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3dly. He may speak, without presumption, of the preservation or the breach of the unities of time and place. He may safely venture to say, that if Vulcan is forging the arms of Æneas, in one part of the picture, and Æneas is admiring them, when finished, in another part of the same picture, the painter would have done better, if he had possessed a larger portion of common sense. So when Barry dedicates half a canvass to Elysium, where we are surprised to find Louis XIV., and some other worthies of his description, and the other half to Hell, where he unmercifully places the Pope in his robes and tiara, swimming about in burning brimstone, we do not hazard much, in exclaiming with Horace, quicquid ostendas mihi sic, incredulus odi.

4thly. Such a spectator may decide, whether the artist has preserved unity of character in his composition whether, if it be an allegory, all the personages are allegorical, with distinct, intelligible, and appropriate emblems;-mor, if it be a reality intended to be represented, whether the personages are all real—if it be an ancient story, whether the objects are ancient--if modern, whether they are modern—if sacred history, whether the representation is profaned by profane history

Thus, when an allegory requires, like Barry's pictures, a book of explanation; or, if like Ceracci's group to his statue of Liberty, formerly in Philadelphia, it is unintelligible till he explains it; or, like the allegories of Reubens, unintelligible and unexplainable; we may say here is lack of judgment.

So when Reubens introduces Mercury and a cardinal at the council chamber of the queen-mother, we may safely say, they had better not have been sent for.

When Raphael makes the river Jordan support his own waters in his hand, (as some decapitated saint carried his head under bis arm for a mile or two,) in order that the Israelites may pass, we may well say, that this fact was an unpardonable omission in the sacred historian. Instances of this kind might be cited vithout number.

5thly. A man of common sense may venture to judge of COSTUME. He may laugh at Abraham about to blow out the brains of Isaac with a pistol; at Tintoret arming the Israelites, with fusils; or the Benedictines of Veronese at the marriage of Cana. Such remarks as these, Dr. Darwin, in allusion to a former essay of mine on the subject, was pleased to call “ the cold criticism of the present day;" but I am satisfied, if it be the criticism of common sense. These remarks might be extended, but they are enough to express the meaning intended to be conveyed, and to show that a man of good education, and careful observation, may, without presumption, and without pretending to connoisseurship, express an opinion, and retain it, on a work of art. I hope, therefore, the apology will be admitted, if I venture a few remarks, even upon the very imperfect sketch of West's great picture.

Ist. I object to the air, attitude, and manner of our Saviour, in this sketch. The picture is intended to be the picture of Christ healing the sick. He is not in any act of healing the sick: he stands quietly, in the attitude of a posture-master, as if displaying his own person to the utmost advantage. His attention does not appear drawn toward any object in particular: there is nothing expressed by his air and manner in the least indicating the purpose of his presence.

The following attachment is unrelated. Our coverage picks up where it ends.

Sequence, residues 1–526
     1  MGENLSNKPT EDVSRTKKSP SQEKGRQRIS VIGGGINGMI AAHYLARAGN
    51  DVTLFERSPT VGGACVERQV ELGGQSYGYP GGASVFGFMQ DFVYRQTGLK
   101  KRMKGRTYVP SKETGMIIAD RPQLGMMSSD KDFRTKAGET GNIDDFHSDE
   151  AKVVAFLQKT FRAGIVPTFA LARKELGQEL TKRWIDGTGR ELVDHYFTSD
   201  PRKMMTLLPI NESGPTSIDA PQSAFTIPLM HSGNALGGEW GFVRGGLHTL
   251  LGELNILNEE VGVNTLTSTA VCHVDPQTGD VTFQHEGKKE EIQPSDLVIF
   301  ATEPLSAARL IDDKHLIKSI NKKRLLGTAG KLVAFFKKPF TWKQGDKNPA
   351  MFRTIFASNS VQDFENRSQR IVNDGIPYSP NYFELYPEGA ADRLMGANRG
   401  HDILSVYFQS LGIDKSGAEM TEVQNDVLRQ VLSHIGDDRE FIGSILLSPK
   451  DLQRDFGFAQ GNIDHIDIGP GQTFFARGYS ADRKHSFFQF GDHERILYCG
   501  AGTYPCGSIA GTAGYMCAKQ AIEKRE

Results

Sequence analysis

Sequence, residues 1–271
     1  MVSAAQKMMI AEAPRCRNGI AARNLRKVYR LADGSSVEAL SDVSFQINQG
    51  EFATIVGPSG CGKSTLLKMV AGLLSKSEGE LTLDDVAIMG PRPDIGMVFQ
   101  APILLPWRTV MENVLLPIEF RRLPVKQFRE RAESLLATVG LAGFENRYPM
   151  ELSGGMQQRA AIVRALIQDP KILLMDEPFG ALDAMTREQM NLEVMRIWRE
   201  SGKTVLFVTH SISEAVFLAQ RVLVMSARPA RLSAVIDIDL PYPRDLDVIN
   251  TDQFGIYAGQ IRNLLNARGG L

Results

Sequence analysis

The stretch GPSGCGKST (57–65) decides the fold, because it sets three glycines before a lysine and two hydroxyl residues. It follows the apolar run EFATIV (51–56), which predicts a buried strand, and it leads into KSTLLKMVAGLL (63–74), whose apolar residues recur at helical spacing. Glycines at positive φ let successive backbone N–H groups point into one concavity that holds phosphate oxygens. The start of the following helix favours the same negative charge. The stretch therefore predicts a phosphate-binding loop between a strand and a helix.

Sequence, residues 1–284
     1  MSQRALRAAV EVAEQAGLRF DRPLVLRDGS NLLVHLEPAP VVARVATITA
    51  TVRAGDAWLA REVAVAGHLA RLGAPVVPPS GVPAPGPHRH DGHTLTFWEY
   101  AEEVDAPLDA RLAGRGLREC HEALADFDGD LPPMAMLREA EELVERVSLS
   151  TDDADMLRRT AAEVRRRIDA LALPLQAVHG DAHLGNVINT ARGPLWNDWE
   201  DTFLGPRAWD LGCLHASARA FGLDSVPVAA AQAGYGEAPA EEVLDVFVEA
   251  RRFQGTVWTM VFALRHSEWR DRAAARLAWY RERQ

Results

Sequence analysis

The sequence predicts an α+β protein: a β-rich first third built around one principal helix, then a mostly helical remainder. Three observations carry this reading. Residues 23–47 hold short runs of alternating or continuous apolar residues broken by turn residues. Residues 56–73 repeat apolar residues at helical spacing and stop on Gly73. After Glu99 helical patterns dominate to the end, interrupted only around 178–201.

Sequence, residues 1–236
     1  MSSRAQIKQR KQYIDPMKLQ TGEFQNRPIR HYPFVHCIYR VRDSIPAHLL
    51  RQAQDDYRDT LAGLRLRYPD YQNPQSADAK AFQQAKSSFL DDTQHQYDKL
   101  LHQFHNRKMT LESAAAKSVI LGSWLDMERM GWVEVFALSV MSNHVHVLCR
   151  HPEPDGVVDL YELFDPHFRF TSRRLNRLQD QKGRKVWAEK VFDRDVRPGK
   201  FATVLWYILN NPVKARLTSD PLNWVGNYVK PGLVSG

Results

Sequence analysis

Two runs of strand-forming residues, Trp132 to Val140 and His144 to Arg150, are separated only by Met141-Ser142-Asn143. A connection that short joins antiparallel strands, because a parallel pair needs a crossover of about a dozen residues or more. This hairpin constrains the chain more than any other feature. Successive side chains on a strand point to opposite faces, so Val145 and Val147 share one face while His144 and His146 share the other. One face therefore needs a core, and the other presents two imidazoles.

2dly. I fancy we cannot rely on the truth of this sketch; if we can, then the character, evidently expressed, of facé, attitude, and manner, is that of mawkish placidity, approaching to absoJute silliness. · 3dly. I object to this, as to other delineations of our Saviour, he is made too old. Jesus Christ was thirty-three years of age, only, when he was crucified. He should be depicted with the kind, but energetic countenance of a young man. Like all the other faces of Christ, of which this is a copy, there is not a trace of the To Ostov, of the mens divinior, atque 08 magna sonaturum; and yet this eminently belonged to the character, equally with the attributes of compassion and benevolence.

4thly. I object that there is no authority to support the rays of glory round his head, at any point of time but the transfiguration. I well know, that many painters have indulged themselves in this supposed mark of veneration; but it is intermingling a supposed fact with a real one, and the Scriptures do not support it as a general concomitant of Christ's person.

5thly. I object to what Mr. West's friend tells us is the dress of our Saviour, in this picture-red and blue. This may be the costume of the Venetian and the Lombard school, but it is just as appropriate as if we were to dress an English bishop in green and gold. All the scriptural accounts of Christ represent him as plain, unaffected, unpretending, unassuming. The dress which Mr. West has given to him is the most costly those times could afford. It is not appropriate to Jesus, the son of the carpenter-to Jesus, whose occupation it was to turn the minds of the people from the allurements of the present world, to the pursuits which might fit them for a world to come. The first and most marked characteristic of grandeur of mind, is simplicity-simplicity of look, of language, of dress, of manner. By simplicity, of course, not meaning silliness, but a perfect freedom from any thing like ornament or ostentation, and a deliberate and habitual reliance on natural character alone. So ought Christ to be depicted in every particular.